Amal, one of the Palestinian-American members of the American Jews for a Just Peace – health and human rights project, has invited us to visit the village of Deir Istiya where she was born in 1948. We drive through an unusually lush valley, olive and carob trees densely growing everywhere, and there is a joy in her voice, eyes glowing with a mix of pride and excitement. She explains that she is the sixth generation to be born in the village and two more have followed. She went to Cairo for university and now lives in St Louis. Her father finished high school in the town and ultimately became the mayor of the town.
We are greeted by the current mayor of the town, Auob, who is Amal’s cousin. She seems to be related to everyone we meet, either by blood or by marriage. Auob is a warm and dignified man with laughing eyes, bushy eyebrows, and muscular arms. He explains that 4,000 people live here and 10,000 are out of the country. The village had a school in 1918 and prides itself in a very educated population (that obviously tends to leave). Deir Istiya has a very unusual old city dating back to Roman, Byzantine and Mameluke times with multiple streets, rooms and apartments all clustered together, clearly a wealthy and well constructed town. In the 1990s, with the support of the UNDP, USAID, and a Palestinian Ministry, a project to renovate the city was begun, in the hopes of bringing in commerce and tourism.
There is a peachy golden shimmer to the old stones in the blazing Mediterranean sun, glorious views, winding streets, ancient doorways, something close to a lush, magical paradise. Amal is beaming as she points out where various relatives lived, where she played as a child, where she is renovating her house in the newer district of town; everyone is warm and happy to see her. Her uncle gives us a detailed tour, explaining the holes in the walls for guarding the city, Roman style archways, stone insets for oil lamps, geometric tiles, water wells, and the massive renovation projects for private homes as well as guest houses and larger facilities. One building was owned by the ruling Qasim family and they had very low doors constructed, so that visitors would have to enter bowing down to them. I can feel his big dreams coming to life. His dreams are looking for funding.
But this is Palestine and there has to be a catch. The village owns 36,000 dunams of land and is the second largest village in Palestine in terms of land. They are known for their extra virgin fair trade olive oil. 87% of the village land is in Area C, (Israeli control) while the village itself is in Area B, (joint control). We climb up uneven steps to a high roof, the thin graceful minaret in view, white stone houses of all shapes and sizes surround us, tall dark blue cedars point to the sky. By standing in one spot and rotating around, in the distance I can see five Jewish settlements on the surrounding hilltops: Ariel, Emmanuel, Nofim, Revana, and Yaqir.
Auob reports excitedly that they are attacked by settlers daily, farmers on donkeys have been hit by cars, there are repeated attacks during the olive harvest, orchards have been confiscated or uprooted, farmers have been hit by cars, run over and shot, harvested olives wrapped in large bags have been stolen. Once again I am taken aback by the behavior of settlers, their aggressive lawless arrogance and immoral racist actions towards the people who have lived here for generations.
We drive out of the village and turn into a valley, a bumpy road surrounded by terraced olive groves. This is Wadi Qana, part of the food basket for the Salfit District. This is also where the Jewish settlements on the surrounding hills have dumped their raw sewage, contaminating the water and driving out the 40 families who used to live here. A delicate hudhud bird with a bright orange body and zebra-like stripes on its back flits between the lemon and orange trees. Goats cluster on the rocky walls. Aoub says there are thirteen natural springs in the area that have provided water for centuries, but the Israelis have dug deep into the reservoirs, lowering the water levels so that only three springs are functional. In 1987, houses in the orchards were demolished and trees uprooted. In 1993, the area was officially declared a Nature Preserve by the Israeli government. This means that the Palestinians cannot fix the road which is deteriorating as the valley floods with water during the winter. Many families have small houses tucked around the trees where they live during harvest time. Since 1967, no renovations have been permitted, trees are planted secretly, often on Jewish holidays, and court cases are threatening the farmers. Because of the decrease in available water, the farmers have been changing from orange and lemon trees to olive trees that require less water. We pass a cave where some people live while working on their fields; others stay here by day and leave by night. We see the stream running down the valley, green with sewage. To add insult to injury, the Israelis have released pigs, probably wild boars, in the area and they are eating the small olive trees and vegetables.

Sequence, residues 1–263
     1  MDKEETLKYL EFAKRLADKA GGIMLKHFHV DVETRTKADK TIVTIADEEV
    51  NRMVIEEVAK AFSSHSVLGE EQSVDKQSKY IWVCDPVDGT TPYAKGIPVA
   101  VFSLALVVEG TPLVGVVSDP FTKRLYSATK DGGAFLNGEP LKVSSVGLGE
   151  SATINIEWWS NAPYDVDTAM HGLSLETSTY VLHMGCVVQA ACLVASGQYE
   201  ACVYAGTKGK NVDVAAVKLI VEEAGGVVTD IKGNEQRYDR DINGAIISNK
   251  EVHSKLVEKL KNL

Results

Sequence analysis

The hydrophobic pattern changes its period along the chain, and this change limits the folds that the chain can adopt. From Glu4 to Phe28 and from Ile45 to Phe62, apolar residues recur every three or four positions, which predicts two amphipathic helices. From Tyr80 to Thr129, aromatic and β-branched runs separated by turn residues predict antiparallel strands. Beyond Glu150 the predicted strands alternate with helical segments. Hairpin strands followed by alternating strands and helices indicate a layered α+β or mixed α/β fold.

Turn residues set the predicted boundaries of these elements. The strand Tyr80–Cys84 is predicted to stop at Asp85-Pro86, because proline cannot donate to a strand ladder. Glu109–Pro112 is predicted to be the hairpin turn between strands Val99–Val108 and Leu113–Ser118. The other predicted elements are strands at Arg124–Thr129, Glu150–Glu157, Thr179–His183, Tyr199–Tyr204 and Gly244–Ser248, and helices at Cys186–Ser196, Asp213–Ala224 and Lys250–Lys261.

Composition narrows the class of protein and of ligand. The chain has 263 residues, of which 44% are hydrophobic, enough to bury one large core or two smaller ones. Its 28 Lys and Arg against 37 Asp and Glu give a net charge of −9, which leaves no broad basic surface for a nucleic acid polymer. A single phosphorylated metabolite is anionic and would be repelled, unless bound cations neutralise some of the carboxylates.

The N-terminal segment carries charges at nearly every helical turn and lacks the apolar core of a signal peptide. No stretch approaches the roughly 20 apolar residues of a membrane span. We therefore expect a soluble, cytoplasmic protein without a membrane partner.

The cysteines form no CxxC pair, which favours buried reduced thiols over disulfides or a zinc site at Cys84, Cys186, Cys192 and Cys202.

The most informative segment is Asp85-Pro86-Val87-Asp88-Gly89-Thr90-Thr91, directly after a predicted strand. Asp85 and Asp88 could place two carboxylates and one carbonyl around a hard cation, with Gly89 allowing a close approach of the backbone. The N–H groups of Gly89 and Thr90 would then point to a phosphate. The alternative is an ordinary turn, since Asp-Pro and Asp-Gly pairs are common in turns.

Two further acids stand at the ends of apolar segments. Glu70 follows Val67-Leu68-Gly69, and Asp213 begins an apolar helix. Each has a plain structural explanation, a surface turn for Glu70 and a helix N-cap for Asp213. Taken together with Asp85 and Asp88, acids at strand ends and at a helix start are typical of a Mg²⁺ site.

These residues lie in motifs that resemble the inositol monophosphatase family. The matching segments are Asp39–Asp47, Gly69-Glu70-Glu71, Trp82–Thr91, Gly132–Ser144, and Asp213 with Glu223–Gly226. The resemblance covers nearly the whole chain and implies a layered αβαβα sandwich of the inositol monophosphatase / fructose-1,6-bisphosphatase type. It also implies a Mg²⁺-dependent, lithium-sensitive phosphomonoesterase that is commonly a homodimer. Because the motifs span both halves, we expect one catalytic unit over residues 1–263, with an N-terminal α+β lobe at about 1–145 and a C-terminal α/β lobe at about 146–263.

We get to one of the springs contained by stone walls. Families sit in the shade, barbequing, and small children are laughing and playing in a clear stream that leaves the green, pooling water. I worry about the bacterial count in the water, but for a moment, life almost feels normal. On Jewish holidays, volunteers come to maintain the area as best they can and last Land Day, March 29th, for the first time they held an event with 500 people who came to do clean up and enjoy cultural events. Auob smiles and says this is a free open space available to the local villagers and he clearly appreciates its natural beauty, an incredible treasure under threat from the settlements and the egregious behavior of the settlers.